Building a world of
resilient communities.

MAIN LIST

 

A crash course

Biology professor David Ehrenfeld mulled over a question from his medical school teacher for decades. He and a small group of other students met with a celebrated cardiologist, who was then in his 80s. One of the students exclaimed that heart disease was the No. 1 cause of death in the United States. As Ehrenfeld recounts in "The Arrogance of Humanism," "Our teacher thought about this for a while and answered, 'What would you prefer to have as the No. 1 cause of death?'"

Death is inevitable, the cardiologist seemed to suggest, not a "problem" to be solved by preventing its No. 1 cause.

A variation of the cardiologist's question seems relevant to the current financial meltdown. Treasury Secretary Henry Paulson has earnestly explained this past week that bad lending practices are the No. 1 cause of the collapse of the U.S. financial system. What would he prefer to have as the primary cause of the collapse of the U.S. financial system?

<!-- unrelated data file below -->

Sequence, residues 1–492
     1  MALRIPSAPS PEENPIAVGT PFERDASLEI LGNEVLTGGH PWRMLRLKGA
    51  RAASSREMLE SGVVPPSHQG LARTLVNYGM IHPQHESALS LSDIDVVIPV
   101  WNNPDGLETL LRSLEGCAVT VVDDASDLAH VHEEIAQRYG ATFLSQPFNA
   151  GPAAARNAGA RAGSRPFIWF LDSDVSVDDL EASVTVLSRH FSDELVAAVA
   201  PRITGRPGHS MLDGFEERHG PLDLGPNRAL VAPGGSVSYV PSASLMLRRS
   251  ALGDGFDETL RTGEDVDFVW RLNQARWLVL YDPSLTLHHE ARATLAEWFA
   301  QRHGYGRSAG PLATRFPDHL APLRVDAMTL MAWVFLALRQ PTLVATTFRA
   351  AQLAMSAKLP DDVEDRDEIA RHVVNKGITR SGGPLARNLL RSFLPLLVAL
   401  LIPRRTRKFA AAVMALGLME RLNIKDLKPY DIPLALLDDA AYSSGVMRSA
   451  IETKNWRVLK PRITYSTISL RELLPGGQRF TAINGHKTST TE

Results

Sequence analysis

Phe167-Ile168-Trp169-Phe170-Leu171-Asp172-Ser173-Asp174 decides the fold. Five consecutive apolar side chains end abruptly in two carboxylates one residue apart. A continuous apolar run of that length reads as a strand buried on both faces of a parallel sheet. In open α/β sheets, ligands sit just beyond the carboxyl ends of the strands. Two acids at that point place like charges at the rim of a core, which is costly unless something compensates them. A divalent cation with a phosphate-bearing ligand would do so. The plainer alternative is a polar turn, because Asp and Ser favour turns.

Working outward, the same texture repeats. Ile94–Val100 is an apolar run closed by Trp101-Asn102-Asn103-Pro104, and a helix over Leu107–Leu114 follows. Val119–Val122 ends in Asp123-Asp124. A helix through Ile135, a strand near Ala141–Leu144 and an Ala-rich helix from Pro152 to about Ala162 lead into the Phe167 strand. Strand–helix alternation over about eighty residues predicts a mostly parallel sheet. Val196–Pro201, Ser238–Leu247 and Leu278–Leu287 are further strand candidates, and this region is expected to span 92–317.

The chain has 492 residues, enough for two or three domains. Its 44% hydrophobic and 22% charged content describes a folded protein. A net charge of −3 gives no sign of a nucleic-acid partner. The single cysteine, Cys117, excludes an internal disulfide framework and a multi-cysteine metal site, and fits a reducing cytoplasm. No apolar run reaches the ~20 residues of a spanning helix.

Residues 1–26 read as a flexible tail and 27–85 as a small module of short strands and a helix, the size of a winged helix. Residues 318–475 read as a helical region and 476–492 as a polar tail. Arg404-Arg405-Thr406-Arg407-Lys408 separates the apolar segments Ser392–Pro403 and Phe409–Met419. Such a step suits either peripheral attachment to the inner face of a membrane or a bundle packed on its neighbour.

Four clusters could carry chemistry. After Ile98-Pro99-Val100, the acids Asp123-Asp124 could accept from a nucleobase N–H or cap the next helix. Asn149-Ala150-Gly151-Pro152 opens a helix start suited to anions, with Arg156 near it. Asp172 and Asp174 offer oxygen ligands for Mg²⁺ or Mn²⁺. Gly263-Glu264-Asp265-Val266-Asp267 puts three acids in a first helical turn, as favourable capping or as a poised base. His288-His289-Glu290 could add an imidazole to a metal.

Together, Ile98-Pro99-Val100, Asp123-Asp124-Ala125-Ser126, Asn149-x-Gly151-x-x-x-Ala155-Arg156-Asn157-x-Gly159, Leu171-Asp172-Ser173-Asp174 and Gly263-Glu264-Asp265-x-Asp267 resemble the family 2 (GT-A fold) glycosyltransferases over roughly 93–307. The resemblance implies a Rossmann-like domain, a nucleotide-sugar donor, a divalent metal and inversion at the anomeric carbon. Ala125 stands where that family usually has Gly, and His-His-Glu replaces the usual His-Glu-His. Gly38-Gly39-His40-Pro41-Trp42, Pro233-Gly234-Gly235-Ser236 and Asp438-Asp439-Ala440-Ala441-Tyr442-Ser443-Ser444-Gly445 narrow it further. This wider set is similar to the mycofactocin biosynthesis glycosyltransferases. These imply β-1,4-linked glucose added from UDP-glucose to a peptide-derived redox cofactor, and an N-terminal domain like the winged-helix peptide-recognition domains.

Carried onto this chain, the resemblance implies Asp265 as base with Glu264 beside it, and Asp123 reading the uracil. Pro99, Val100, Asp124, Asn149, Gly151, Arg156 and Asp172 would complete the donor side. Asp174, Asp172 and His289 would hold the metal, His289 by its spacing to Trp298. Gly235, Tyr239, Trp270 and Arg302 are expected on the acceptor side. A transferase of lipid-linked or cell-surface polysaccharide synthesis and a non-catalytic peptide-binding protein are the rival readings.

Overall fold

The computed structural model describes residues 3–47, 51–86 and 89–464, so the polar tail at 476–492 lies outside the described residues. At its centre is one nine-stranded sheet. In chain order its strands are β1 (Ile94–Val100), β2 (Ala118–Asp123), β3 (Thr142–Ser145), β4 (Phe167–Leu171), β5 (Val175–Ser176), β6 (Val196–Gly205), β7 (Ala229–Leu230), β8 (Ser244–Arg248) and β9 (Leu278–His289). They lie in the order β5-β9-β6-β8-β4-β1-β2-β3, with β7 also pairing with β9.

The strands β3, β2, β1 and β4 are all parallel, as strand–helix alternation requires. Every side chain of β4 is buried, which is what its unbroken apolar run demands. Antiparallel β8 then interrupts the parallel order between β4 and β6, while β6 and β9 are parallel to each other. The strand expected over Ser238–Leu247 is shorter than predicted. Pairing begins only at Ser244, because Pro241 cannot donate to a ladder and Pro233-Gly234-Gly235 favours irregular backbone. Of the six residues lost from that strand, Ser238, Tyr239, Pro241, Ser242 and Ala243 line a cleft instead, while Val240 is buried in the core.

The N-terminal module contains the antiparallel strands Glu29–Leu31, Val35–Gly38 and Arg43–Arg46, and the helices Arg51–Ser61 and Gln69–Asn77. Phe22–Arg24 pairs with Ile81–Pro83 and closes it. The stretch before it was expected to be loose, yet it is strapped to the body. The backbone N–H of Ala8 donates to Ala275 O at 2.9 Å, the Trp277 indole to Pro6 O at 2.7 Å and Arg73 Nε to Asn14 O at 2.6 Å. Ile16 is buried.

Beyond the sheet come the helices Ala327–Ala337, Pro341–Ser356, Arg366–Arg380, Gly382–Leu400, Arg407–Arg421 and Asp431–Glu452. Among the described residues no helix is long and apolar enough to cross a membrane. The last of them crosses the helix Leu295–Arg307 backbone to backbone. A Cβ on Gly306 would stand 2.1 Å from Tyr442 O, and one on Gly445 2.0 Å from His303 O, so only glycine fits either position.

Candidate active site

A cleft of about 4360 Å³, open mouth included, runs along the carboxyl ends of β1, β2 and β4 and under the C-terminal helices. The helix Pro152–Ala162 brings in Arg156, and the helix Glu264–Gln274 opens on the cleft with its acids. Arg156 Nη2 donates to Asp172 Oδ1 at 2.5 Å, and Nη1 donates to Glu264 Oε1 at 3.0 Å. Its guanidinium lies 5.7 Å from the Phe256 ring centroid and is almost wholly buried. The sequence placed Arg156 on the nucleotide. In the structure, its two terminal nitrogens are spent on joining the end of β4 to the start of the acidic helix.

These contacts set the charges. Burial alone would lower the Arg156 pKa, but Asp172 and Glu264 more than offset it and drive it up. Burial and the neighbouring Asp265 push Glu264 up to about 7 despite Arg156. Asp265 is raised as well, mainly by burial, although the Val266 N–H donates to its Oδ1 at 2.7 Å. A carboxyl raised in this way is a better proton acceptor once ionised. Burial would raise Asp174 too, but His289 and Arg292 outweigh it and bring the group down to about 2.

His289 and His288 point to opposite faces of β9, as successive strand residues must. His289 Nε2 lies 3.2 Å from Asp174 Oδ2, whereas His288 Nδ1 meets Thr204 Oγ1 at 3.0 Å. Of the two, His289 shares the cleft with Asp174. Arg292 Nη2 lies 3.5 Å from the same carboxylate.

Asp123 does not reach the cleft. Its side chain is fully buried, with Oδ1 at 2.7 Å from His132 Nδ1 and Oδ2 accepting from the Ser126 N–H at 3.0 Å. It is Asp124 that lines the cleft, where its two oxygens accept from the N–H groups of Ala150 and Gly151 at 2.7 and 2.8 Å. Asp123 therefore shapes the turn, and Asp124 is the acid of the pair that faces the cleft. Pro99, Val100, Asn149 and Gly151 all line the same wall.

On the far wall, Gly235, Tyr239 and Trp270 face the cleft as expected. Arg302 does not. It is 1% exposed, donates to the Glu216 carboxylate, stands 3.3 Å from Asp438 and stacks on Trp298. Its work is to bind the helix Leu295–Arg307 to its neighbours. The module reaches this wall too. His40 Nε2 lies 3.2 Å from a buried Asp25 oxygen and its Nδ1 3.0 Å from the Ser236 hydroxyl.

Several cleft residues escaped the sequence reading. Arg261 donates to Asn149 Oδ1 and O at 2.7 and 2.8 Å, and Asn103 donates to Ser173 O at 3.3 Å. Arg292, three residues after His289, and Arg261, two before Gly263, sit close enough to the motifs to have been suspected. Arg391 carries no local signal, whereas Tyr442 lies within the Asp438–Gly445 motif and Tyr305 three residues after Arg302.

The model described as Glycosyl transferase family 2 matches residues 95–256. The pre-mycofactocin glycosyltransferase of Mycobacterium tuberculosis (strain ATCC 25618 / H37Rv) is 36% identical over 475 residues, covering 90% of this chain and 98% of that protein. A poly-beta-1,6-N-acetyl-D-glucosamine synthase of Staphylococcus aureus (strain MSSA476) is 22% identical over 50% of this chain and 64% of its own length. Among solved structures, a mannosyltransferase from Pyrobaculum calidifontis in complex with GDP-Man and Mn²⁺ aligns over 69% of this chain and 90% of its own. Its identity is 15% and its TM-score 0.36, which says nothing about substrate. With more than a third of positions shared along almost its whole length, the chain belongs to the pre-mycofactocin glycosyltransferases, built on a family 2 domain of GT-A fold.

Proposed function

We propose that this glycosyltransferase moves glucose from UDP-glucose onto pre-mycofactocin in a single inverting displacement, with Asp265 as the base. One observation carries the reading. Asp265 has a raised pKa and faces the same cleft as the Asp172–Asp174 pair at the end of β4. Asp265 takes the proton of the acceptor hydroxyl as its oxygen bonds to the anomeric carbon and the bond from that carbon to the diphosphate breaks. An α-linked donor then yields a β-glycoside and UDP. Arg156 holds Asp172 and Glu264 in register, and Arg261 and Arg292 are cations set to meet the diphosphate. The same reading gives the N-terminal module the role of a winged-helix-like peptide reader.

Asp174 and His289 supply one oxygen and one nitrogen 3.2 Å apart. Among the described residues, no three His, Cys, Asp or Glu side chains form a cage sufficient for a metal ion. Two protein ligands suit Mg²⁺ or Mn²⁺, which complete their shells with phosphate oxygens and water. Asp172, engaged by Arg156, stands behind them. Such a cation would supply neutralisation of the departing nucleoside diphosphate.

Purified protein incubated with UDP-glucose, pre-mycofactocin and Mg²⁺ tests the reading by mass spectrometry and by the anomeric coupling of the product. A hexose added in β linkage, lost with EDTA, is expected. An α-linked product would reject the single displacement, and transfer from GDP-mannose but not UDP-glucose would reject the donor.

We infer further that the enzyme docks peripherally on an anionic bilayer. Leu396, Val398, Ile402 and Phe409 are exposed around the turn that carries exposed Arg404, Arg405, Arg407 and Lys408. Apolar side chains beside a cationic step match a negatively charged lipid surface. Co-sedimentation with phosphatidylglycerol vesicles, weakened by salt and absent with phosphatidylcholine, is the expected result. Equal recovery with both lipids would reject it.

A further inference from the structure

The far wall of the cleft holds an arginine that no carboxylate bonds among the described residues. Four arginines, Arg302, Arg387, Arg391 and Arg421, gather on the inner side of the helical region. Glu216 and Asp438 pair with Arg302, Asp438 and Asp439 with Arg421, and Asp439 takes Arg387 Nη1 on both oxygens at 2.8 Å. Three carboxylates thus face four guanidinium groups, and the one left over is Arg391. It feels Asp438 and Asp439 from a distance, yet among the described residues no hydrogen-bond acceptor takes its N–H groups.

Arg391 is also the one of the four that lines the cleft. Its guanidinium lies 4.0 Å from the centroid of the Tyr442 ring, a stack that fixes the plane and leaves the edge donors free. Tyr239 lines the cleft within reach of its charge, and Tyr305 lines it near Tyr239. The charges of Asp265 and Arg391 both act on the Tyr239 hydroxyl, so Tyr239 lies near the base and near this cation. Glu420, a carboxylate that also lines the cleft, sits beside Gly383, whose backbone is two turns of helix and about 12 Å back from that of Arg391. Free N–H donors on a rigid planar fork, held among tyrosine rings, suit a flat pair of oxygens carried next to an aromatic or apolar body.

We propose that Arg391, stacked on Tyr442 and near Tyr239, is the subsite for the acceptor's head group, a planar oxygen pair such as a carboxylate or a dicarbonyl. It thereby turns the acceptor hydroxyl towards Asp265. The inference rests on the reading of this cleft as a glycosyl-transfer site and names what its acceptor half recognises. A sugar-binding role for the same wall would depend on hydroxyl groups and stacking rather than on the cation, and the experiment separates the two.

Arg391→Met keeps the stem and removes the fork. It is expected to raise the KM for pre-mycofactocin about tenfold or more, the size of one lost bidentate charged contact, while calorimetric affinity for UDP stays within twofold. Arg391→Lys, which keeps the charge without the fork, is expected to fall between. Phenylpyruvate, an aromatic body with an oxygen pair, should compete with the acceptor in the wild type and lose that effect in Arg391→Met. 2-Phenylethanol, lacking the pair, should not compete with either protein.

Unlike human death, economic collapse is not an inevitability. However, the U.S. economy has long been on a trajectory toward such massive change that "collapse" is not too strong a word.

Our country has squandered its post-World War II prosperity, much of it on investments unsuited to the 21st century. The United States overextended itself, building a system of interstate highways and smaller roads and bridges that neither the states nor the federal government can seem to find the money to maintain. When we're lucky, locally vital bridges like the Route 2 bridge in Middlesex or the bridge in downtown Richmond are closed before they collapse. When we're unlucky, as they were in Minneapolis last year, an 8-lane bridge collapses while filled with rush-hour traffic.